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Temperature settings for PLA

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    Temperature settings for PLA

    I've done my first print and have a question about what the temperature settings should be for the nozzle and print plate. The piece I did was small, 4 mm x 4 mm x 12 mm. The side that was on the plate is flatten and a bit spread out, looks like I pressed plastic on a hot surface. There are also three 1mm holes from the top to the bottom, those are a bit filled in, I had to take a drill to clean them out. I would think the printer could print that resolution

    It's a Lutzbot Mini printer. I'm using PLA. The nozzle temp was 205'F and the print plate was 60'F.

    Are these correct settings? If not what is a good starting point? Or is that just the way it is?


    I don't have the same printer but I print with pla all the time. My nozzle temp is 210 and my print bed is at 45 and my prints come out great. Try Changing the print bed to 45 to see if it helps. Good luck!


      Thanks I'll give that a try


        Temperature settings vary by manufacturer of filament--what works great for one yields less than desirable results from another. For example, the inland pla that I've been using needs around 220C nozzle temp and 60C first layer bed temp. I get really good results with that but it may be too hot for other PLA filaments so consult the manufacturer's recommended setting.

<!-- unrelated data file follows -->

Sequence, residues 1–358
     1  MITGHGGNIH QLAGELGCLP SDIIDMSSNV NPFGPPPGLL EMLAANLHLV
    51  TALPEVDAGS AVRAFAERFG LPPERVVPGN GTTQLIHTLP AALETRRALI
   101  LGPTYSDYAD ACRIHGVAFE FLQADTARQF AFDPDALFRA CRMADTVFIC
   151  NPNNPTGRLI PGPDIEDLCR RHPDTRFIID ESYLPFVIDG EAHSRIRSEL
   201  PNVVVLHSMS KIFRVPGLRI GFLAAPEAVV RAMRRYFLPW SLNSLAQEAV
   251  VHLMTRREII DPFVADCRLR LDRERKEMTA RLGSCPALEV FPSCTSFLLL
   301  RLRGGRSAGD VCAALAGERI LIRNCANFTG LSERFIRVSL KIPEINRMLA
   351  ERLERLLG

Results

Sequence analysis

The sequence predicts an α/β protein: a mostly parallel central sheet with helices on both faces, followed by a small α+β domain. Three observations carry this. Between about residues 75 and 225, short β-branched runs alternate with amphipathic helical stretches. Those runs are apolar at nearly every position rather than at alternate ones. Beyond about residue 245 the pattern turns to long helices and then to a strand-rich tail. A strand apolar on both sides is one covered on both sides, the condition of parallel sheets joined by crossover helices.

The "plastic pressed against a hot surface" look isn't likely going to come from the bed being a couple degrees warmer than it needs to be. That sounds like the nozzle is too close to the print surface and/or is over extruding.
        -Check your nozzle to bed clearance.
        -Using a caliper or micrometer, check your filament diameter. The measured number is what you should input into your slicer program for filament diameter.
        -If above fails to improve results, maybe a reduction in extruder multiplier is in order.

        It is also quite helpful if you post a pic or two so folks can see exactly what you're explaining. Good luck with your troubleshooting!


          as for the small 1mm holes. Something to remember the smaller the hole the more it will fill in. 1mm might become 0.7mm where 2.0 might only become 1.9. Just the nature of the beast. even the $100,000+ production machine stuff from this problem. I pays to do small test print with your printer to see how thing will turn our. print a test with varying whole sizes then measure the results. You can then adjust your design to counter act the difference in the results. In some design software it is not at all uncommon to have different "configurations" of the same design. one for the prototyping print and the other with the intended design size.


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